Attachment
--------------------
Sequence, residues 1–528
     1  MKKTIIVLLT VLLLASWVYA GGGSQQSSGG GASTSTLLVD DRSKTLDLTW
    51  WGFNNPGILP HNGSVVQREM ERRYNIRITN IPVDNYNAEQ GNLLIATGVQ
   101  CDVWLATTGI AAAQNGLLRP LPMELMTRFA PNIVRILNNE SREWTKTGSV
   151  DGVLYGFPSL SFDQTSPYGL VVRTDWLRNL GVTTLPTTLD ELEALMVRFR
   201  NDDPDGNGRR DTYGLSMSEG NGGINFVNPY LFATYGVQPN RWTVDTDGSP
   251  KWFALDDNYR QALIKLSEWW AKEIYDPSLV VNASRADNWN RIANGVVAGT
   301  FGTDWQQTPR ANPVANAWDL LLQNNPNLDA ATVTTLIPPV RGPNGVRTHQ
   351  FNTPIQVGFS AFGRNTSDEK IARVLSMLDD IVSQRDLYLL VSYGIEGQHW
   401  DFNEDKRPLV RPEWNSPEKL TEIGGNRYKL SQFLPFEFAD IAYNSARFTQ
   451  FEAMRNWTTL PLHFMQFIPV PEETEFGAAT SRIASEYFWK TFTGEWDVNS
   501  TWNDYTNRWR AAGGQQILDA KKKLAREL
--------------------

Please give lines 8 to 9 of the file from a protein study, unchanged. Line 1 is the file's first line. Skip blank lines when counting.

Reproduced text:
   301  FGTDWQQTPR ANPVANAWDL LLQNNPNLDA ATVTTLIPPV RGPNGVRTHQ
   351  FNTPIQVGFS AFGRNTSDEK IARVLSMLDD IVSQRDLYLL VSYGIEGQHW